Sunday, 22 December 2013

A shaggy dog story

A certain gentleman is in disgrace today.

There was first the interesting whodunnit: The Mystery of the Disappearing Rye Bread. (Clue: I live with a lurcher.) Then there was the snaffling of the joint of pork. Then there was the destroying of the third fabulously expensive retractable lead. There was also, don’t ask me how, the breaking of the sherry glasses. I adore a good fino and have special glasses for it. Or did.

There were the muddy pawprints all the way up the stairs. There was the escaping from the car, and the setting off of the alarm at inappropriate moments.

There was, bafflingly, the appropriation and chewing of a lovely Lulu Guinness purse I had bought someone for Christmas. Luckily, it was in a box. Now I have a quandary. Do I give the thing unboxed, which looks a bit peremptory and less than festive? Or do I give it boxed, and explain the interesting teeth marks in one corner?

There was the opening of and departing through EVERY SINGLE DOOR IN THE HOUSE. Actually, that is not quite true. There is one door he cannot open, because it has a round handle. But I occasionally catch him, up on his back legs, face intent, with each paw either side of the thing, trying to turn it. He does not care that he has no opposable thumbs. One day, he shall succeed.

There was the freaking out of the small visiting dog who arrived yesterday with the family. The freaking out took the form of – we are going to play my favourite game, Visiting Dog, which consists of me running round and round in circles at greyhound speed and jumping over you when you least expect it. Visiting Dog let out shrieks of such a high pitch that only bats could hear them.

There was the frightening of an entirely innocent and unsuspecting jogger, at the end of the lime avenue. I think the lycra was just too bright, and disapproval came in loud, furious barks. ‘Pay no attention, he’s very friendly,’ I yelled, helplessly, tearing to the rescue.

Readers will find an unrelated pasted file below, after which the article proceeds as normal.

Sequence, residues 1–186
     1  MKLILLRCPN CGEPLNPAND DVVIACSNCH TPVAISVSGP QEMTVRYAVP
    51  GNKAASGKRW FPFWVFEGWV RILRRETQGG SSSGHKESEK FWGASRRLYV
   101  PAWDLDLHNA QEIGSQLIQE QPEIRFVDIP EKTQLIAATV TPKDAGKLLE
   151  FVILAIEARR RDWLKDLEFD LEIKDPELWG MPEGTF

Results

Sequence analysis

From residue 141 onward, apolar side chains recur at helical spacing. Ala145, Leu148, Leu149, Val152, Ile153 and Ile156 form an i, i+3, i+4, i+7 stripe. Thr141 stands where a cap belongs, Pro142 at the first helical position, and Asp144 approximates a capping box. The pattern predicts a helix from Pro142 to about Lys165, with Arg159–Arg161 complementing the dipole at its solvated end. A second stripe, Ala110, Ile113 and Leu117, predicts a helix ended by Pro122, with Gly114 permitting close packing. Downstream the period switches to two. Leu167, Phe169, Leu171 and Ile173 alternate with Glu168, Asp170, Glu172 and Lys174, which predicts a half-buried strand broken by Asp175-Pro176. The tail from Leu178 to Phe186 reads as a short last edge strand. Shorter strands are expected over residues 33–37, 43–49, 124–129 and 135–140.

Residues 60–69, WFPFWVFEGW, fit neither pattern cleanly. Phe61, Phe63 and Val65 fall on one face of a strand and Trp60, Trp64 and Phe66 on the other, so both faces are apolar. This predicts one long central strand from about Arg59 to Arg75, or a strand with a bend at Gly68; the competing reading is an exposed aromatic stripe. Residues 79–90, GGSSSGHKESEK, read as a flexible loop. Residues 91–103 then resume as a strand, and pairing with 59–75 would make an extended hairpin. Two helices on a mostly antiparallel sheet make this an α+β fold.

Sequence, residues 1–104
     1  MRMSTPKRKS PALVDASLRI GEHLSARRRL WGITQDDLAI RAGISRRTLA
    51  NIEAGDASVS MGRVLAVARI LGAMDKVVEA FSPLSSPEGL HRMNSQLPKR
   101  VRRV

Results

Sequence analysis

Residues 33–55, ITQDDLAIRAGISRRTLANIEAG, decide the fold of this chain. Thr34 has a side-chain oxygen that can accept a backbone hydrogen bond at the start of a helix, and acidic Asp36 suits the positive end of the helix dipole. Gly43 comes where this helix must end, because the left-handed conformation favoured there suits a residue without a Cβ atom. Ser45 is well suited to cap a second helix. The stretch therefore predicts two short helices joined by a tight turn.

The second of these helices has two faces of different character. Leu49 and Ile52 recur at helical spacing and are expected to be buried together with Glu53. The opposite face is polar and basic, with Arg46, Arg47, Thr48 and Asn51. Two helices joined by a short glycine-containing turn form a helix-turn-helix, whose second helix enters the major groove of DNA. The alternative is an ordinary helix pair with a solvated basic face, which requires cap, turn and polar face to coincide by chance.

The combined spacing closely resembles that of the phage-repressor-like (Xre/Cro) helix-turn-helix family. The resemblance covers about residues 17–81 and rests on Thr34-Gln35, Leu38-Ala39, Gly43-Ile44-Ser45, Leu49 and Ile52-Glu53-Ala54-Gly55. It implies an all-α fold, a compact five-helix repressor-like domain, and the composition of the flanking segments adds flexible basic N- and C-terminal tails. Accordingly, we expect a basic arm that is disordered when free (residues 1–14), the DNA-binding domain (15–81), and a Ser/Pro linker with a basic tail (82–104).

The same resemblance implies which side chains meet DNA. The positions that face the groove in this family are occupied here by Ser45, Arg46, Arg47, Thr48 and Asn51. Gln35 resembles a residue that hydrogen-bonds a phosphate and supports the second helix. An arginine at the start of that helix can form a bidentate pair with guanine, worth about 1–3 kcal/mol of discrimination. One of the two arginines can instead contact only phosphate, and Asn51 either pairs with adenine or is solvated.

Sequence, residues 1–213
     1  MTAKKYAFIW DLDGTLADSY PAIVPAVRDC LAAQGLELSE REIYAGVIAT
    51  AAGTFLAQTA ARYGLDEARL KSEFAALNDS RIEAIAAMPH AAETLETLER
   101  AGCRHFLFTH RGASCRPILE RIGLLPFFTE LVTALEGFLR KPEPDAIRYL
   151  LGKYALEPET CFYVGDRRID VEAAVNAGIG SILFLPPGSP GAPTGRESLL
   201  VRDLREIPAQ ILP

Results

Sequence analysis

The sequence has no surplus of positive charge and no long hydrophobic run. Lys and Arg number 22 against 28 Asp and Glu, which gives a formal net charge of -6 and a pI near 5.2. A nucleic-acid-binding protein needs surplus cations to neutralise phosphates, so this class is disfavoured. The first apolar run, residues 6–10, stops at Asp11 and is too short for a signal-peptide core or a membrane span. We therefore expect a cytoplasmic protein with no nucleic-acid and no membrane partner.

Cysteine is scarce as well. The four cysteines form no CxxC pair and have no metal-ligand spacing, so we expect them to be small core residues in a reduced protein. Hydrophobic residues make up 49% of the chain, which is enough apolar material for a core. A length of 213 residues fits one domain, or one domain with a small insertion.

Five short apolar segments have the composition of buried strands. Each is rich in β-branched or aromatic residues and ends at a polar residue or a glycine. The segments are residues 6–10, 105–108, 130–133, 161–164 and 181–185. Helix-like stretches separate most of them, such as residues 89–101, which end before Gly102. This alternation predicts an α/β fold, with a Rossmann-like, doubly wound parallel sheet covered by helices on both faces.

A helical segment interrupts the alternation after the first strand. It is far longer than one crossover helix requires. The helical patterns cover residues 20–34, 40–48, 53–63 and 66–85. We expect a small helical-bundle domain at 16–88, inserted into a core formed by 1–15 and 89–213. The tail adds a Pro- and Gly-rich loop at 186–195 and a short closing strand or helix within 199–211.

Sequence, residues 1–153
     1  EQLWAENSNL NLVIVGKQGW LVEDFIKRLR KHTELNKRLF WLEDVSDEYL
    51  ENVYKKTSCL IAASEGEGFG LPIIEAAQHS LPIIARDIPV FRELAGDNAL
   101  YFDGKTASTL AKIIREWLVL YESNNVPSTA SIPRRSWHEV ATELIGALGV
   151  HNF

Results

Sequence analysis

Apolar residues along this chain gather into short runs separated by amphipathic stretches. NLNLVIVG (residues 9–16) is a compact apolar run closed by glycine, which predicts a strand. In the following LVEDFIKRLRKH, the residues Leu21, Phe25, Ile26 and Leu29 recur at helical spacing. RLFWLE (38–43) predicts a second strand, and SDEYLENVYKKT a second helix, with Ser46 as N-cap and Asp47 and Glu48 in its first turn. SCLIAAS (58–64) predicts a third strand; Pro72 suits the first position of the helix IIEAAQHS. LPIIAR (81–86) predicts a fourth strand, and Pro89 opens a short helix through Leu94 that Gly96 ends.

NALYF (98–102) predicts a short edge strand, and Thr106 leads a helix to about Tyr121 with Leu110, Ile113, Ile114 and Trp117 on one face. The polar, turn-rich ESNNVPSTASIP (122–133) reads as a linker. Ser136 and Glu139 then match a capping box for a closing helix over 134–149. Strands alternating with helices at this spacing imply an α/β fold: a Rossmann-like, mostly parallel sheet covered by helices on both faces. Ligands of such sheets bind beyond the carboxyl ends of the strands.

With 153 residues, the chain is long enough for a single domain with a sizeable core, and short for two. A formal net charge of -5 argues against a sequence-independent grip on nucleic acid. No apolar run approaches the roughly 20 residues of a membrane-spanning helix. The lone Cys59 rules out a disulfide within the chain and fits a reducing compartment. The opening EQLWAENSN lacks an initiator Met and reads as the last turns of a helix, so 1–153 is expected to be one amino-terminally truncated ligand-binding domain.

But disgrace never lasts, because every morning he goes and puts his head on my old mum’s knee and gazes at her with his eyes and makes her laugh and laugh. And then he looks at me, like this:

22 Dec 1

How can you not love a face like that?


  1. Impossible not to love that face and forgive everything! If i received a Lulu Guinness purse, I would be so overcome with joy that I wouldn't notice whether it came in a brown paper bag!

  2. I think the chewed box, accompanied by the story, would be fun. I'd love receiving a gift so obviously vetted by a discerning member of the family. And as for the sherry glasses--possibly they were collateral damage in the visiting dog game?


  3. Hah! only now you confess to Stanley's mischief (I can't believe he has suddenly turned into a rascal). Still, as you say, it only makes him more adorable though not as adorable as Red in her woolly winter coat, hope you have a wonderful Xmas, Rachel

  4. He is a naughty boy, but what a face.

  5. He looks the picture of innocence so I can only think you might be mistaken…

    I would find it VERY hard to get cross with him. :)

  6. I love dogs the way I love children... as long as they belong to other people, they're wonderful, but they'd need too much training to share my personal space. My sherry glasses are also dear to me, and thankfully my cats do not know how to open the cupboard above my stove. 8-)


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